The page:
Kentucky Derby 146: Betting Handle Drops By About Half From Last Year’s Record Total

Posted on: September 6, 2020, 12:28h. 

Last updated on: September 6, 2020, 11:59h.

Betting on Saturday’s Kentucky Derby card fell by nearly 50 percent from last year’s record handle, as only $126 million was bet across all sources on the 14 races at Churchill Downs in Louisville, Ky.

Authentic Kentucky Derby
Authentic, ridden by John Velazquez, took the lead early in Saturday’s Kentucky Derby and never looked back. (Image: Churchill Downs/Coady Photography)

Of that total, bettors wagered $79.4 million on the Derby itself, won by Authentic for Hall of Fame trainer Bob Baffert’s record-tying sixth win in the premier race for 3-year-old horses. Authentic, with Hall of Fame jockey John Velazquez aboard, held off heavily favored Tiz the Law down the stretch to win by 1-1/4 lengths.

Back in March, Churchill Downs leaders announced the Derby would move from its traditional first Saturday in May date to Labor Day weekend because of the coronavirus pandemic. Track officials initially planned to allow about 23,000 fans at the historic grounds. However, they changed their minds on Aug. 21, citing a recent spike in cases in the area.

Only select media, horsemen, and horsemen’s select guests were among those able to watch the race under the Twin Spires.

In a statement after the race, Churchill Downs attributed the drop off due partly to the empty grandstand and infield.

The decline in handle for this year’s Derby Day program is attributable to the lack of on-track wagering, fewer horses per race, including in the Kentucky Derby race, and a prohibitive favorite in the Derby race,” the statement from Churchill Downs Inc. read.

“Although it is difficult to compare the financial performance to prior years, we are pleased with the profitability of the spectator-less 2020 Derby Week.”

Look at the Derby Numbers

Saturday’s total handle was the lowest amount bet on the Derby Day card since 2002, when $123.2 million was bet on the day’s races.

Last year, 150,729 attended Derby Day festivities at Churchill. Those patrons wagered $21.3 million of the record $250.9 million in the all-sources handle. Last year, the Derby accounted for $165.5 million of the amount bet on all races at the track.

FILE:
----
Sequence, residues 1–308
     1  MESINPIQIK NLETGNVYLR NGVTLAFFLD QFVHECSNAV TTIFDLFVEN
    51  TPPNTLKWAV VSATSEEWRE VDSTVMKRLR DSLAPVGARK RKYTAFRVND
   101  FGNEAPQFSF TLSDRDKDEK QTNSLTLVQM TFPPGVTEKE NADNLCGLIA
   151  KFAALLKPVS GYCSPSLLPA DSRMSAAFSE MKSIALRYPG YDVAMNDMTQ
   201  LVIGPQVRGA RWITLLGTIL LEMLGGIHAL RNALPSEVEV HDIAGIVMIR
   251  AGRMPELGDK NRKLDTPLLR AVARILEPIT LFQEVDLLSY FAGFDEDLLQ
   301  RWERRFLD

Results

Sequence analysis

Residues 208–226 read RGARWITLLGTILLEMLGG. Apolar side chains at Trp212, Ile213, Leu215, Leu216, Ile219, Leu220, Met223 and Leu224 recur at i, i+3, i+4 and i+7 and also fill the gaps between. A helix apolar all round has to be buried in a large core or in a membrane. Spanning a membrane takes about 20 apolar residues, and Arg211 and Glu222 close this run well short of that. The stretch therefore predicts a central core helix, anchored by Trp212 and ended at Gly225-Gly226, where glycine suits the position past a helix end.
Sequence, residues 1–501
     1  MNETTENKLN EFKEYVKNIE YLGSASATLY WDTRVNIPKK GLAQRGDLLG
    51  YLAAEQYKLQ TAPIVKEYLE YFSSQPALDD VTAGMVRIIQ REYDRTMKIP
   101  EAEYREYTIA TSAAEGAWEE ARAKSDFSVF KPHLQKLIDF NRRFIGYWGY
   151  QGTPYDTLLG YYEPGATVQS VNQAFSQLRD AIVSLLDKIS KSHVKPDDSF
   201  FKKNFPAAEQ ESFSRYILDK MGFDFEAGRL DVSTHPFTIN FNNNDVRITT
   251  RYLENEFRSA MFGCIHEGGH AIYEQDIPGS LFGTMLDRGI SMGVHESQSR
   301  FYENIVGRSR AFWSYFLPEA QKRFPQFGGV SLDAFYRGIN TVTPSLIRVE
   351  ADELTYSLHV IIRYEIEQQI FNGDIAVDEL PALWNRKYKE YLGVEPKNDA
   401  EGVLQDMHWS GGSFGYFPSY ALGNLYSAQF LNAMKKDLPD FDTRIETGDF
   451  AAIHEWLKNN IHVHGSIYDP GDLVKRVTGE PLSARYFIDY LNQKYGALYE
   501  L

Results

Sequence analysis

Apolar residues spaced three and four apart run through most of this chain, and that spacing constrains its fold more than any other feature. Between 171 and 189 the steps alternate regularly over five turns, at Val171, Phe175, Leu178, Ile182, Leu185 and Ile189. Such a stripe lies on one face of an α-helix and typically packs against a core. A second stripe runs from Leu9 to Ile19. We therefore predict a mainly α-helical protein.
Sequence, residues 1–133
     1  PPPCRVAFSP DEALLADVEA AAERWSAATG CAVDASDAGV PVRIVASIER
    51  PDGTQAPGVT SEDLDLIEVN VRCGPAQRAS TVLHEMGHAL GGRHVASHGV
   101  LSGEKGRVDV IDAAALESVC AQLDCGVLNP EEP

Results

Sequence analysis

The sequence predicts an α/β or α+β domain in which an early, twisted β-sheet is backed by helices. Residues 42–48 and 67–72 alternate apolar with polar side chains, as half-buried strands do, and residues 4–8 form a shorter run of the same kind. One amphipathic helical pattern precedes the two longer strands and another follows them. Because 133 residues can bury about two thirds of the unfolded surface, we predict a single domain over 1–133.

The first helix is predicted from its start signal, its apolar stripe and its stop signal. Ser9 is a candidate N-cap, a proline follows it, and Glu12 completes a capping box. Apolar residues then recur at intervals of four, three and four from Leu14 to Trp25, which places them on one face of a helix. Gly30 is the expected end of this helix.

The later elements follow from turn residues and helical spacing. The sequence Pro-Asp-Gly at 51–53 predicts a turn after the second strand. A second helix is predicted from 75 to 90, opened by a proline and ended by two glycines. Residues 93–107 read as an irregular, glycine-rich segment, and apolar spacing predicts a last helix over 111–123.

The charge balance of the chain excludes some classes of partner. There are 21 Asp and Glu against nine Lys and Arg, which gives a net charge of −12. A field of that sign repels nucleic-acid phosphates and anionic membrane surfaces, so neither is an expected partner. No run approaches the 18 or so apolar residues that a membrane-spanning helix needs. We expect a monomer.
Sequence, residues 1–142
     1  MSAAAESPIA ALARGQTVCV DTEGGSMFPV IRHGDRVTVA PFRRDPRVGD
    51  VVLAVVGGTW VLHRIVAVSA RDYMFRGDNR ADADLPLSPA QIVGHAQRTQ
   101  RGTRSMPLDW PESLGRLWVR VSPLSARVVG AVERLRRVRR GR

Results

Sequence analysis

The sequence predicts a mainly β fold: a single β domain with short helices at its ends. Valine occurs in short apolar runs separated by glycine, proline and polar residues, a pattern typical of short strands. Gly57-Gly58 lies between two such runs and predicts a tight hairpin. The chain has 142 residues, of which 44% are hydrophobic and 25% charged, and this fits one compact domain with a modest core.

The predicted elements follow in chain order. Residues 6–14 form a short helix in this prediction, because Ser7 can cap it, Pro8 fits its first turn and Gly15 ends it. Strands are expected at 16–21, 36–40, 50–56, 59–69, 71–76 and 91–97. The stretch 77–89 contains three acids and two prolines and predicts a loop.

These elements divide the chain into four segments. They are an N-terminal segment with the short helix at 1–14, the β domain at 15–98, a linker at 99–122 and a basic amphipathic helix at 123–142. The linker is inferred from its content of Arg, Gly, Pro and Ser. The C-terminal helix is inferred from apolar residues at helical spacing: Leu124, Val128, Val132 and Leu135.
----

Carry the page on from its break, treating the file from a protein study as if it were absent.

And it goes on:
Similarly, Friday’s Kentucky Oaks day card also dropped to $30.8 million this year from $60.2 million in 2019. Betting on the Oaks itself went from $19.4 million in 2019 to $10 million Friday. Fans again were not allowed at the track.

Usually the largest race, field-wise, is US thoroughbred racing. The Derby featured just 15 entries this year. That’s the smallest field since 15 also ran in 1998. Three horses were scratched from the race, including Thousand Words just minutes before the race. Thousand Words, Baffert’s other entry, reared up and then fell while entering the paddock for jockey Florent Geroux to saddle him.

Jason Frakes of The Courier Journal reported a track veterinarian who checked the colt said he was fine. But the vet still removed him from the race as a precaution. In the spill, Jimmy Barnes, Baffert’s assistant trainer, broke his hand.

Tiz the Law entered the race a winner in his last four starts. Oddsmakers installed him as the 3-5 morning-line favorite, and bettors concurred. The Barclay Tagg-trained horse went off as the first horse with less than even-money odds since Arazi in 1992. His 3-5 odds made him the lowest-priced post time favorite since Spectacular Bid also broke at that price in 1979.

Vegas Book Wins With Tiz Loss

Another reason for the decline was the lack of an agreement between Churchill Downs and the racebooks in Nevada to carry the entire card. As a result of the impasse, the Nevada Gaming Control Board (NGCB) allowed the books to take action only on the Derby and Friday’s Kentucky Oaks. The books could not take bets on any of the other stakes races the track offered during the week.

Other Las Vegas sportsbooks offered fixed-odds on the race. Paul Zilm, a risk supervisor at Circa Sports, told that Tiz the Law’s loss was their gain. Like the pari-mutuel pool, Circa’s odds on Tiz the Law were less than even-money.

“People bet him throughout the afternoon,” Zilm said. “Overall, him losing was beneficial for us. We had a lot of parlay liability tied to him, too.”

What’s Next for Authentic?

In a typical year, Baffert would be lining Authentic up for a shot at the Preakness Stakes in Baltimore. However, for reasons noted in the first section above, this isn’t a typical year by any stretch of the imagination. After the Derby was moved, officials at Pimlico Race Course decided to move the Preakness to Oct. 3, giving runners a month between the traditional first two legs of the Triple Crown.

The Belmont Stakes, which typically is the anchor leg, served as the first race this year, which Tiz the Law won in June.

In addition, the Breeders Cup Classic will run just a month after the Preakness this year. Neither Baffert nor Authentic’s connections spoke to their plans after the win. That will likely come Sunday morning at the earliest.

From Tiz the Law’s camp, mixed signals emerged. Jack Knowlton, the managing partner of Sackatoga Stables, which owns the horse, said he wants to go to Baltimore “and get some revenge” if his horse is healthy.

Tagg, though, has other ideas, according to a tweet from Tim Wilkin of the Albany (NY) Times Union.

“I don’t see any reason to,” Tagg said. “But I don’t own the horse. I don’t want to do both” the Preakness and the Classic.